27 Aug 2015, 07:40

Perfect is the Enemy of Good


Perfectionism can hurt your ability to accomplish your goals. It’s pretty simple, but the idea is that if you are a perfectionist, and you hold yourself to such a high standard that any sort of failure is unbearable then it will be very difficult to get things done, and you’ll likely be miserable.

When you strive to be perfect, and try to uphold a very high standard, you’re dealing in morals and virtues. Now, morals and virtues have their place, but it is not necessarily useful to hold ourselves to a standard and flagellate ourselves when we fail to live up to those unreasonably high standards. In this way, perfectionism is very similar to the problem of shoulds.

This is another idea that I have picked up from the book “Feeling Good”.

lake sunset


When you’re wanting to get things perfect, and organized in your head completely before you start, it’s easy to put off a task until you’re ready. The problem is that a lot of times, you’ll run into issues that you couldn’t have foreseen, and all that planning will be for naught. Not only did it wreck your planning, and your mental model, but you could have learned the same thing by starting earlier.


Whenever I start a new project, I have to choose the language, tools, libraries, and technologies that I’m going to use to do the project. This is sort of a fun excuse to poke around and learn something new, which is great. The problem comes in when I start thinking, “what if the project is successful, will this scale?” This turns out to be a dumb question to begin with, but also one that puts me into a mode of trying way too hard to come up with a perfectly engineered and beautifully designed system before I even start. This also tends to vastly increase the scope of my projects, which leads to me realizing how much time and effort will be involved in building them. Since the project balloons in scope and effort required, it’s easy to say, “well, I’ve only got an hour, there’s no way that I’ll be able to make progress on this in that amount of time, maybe this weekend.”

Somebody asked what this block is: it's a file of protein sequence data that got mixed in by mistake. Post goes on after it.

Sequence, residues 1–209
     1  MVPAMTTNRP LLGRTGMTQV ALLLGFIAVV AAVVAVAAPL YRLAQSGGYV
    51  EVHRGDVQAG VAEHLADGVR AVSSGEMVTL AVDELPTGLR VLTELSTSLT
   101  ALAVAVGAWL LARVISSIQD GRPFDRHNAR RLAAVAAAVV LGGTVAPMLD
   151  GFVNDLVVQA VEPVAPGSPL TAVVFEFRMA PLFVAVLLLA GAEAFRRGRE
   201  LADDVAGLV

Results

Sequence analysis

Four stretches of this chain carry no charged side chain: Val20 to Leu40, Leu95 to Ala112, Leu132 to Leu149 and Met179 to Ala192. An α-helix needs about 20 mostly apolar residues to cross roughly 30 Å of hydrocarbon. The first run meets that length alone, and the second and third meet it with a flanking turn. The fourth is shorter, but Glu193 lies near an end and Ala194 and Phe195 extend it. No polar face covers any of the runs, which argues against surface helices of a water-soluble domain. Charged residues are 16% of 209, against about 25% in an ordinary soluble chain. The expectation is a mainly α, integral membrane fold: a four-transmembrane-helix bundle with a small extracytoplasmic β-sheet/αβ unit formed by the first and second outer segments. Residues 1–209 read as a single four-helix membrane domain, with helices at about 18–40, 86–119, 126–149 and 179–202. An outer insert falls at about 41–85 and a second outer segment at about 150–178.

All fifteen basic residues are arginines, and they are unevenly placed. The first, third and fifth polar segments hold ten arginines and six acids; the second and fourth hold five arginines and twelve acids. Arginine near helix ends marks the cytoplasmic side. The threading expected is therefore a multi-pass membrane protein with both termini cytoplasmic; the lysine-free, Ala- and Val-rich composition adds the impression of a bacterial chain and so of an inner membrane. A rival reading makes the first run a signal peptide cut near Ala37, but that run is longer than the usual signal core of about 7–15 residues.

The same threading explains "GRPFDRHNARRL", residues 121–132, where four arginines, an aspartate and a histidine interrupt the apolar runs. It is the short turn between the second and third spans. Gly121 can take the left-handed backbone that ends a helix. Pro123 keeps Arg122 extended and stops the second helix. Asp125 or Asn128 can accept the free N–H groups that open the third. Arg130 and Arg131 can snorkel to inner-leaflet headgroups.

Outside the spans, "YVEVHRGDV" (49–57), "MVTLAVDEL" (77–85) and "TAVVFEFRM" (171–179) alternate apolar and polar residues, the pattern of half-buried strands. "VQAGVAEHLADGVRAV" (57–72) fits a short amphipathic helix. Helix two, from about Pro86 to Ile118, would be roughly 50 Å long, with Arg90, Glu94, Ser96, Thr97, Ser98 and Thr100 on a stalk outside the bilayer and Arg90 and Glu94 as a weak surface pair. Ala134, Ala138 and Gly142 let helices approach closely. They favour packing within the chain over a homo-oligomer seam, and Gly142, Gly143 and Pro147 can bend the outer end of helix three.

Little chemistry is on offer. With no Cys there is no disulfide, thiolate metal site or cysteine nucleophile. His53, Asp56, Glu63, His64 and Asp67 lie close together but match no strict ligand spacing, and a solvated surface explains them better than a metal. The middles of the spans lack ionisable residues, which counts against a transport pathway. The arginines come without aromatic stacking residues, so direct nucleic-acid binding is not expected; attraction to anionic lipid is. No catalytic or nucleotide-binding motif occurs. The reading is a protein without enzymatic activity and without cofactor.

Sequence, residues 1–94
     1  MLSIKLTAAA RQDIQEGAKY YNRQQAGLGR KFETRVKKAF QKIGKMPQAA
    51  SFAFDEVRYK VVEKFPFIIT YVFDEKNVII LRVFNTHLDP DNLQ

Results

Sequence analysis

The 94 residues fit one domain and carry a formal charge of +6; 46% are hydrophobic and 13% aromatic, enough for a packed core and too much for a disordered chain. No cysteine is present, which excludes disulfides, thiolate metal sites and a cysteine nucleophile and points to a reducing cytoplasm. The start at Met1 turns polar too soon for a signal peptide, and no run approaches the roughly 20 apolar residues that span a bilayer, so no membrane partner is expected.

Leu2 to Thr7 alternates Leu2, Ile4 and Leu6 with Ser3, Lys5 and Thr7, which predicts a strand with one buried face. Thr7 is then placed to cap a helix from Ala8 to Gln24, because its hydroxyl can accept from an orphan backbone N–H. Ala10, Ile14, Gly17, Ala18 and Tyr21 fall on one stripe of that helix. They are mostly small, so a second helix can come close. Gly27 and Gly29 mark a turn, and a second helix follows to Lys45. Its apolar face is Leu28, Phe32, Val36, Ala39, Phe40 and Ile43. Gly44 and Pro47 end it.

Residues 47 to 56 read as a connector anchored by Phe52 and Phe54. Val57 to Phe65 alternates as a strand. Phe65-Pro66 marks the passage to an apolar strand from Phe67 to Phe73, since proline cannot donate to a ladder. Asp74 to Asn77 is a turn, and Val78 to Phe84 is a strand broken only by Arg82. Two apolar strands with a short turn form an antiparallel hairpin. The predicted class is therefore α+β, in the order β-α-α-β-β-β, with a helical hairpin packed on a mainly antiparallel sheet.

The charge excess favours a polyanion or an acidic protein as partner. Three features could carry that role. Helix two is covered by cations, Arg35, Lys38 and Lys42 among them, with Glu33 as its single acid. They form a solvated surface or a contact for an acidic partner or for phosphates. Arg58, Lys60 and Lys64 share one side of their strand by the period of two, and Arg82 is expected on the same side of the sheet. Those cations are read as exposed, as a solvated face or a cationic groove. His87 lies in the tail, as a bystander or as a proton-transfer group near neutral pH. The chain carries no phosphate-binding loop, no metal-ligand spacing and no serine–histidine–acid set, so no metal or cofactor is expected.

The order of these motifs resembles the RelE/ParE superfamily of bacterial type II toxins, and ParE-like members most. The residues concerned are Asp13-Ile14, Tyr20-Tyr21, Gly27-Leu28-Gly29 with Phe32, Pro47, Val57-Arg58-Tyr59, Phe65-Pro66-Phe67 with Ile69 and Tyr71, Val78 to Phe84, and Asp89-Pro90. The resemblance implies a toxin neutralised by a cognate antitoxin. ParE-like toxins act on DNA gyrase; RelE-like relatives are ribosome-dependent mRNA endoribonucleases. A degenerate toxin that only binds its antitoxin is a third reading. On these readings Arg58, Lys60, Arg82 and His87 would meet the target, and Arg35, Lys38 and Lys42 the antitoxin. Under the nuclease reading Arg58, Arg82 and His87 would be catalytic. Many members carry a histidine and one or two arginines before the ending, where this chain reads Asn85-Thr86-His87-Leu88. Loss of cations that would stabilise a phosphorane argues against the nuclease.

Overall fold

The projects that I remind myself up front that I don’t need to be perfect, I just need to start are the ones that actually get off the ground.


I’ve written before about the problem that I have noticed of junior developers coming in and wanting to re-write something from scratch, and this issue is related. I have been guilty of similar issues when coming back to look at code that I had written years prior. Sometimes I’ll have it in my head that it’s not perfect, and needs to be redone completely, so that it’s perfect. This does not usually lead to making progress on the task.

Doesn’t count

If you’re trying to lose weight, putting yourself on a strict diet, and you eat a bit of chocolate, or miss a workout, what happens? Does the day go out the window, and become a cheat day? Does it wreck your whole week? I’ve done that before.

For me, when I was trying to be really strict on a diet, and I slipped on a meal, it would usually turn that day into a cheat day. If I missed a workout, it could easily wreck the week.

If you allow yourself some small failures, but keep focused on the goal, it is much easier to stick to diet and exercise.


This post was overly-ambitious, preachy, sloppy, and I probably shouldn’t have written it. How do I delete this?

comments powered by Disqus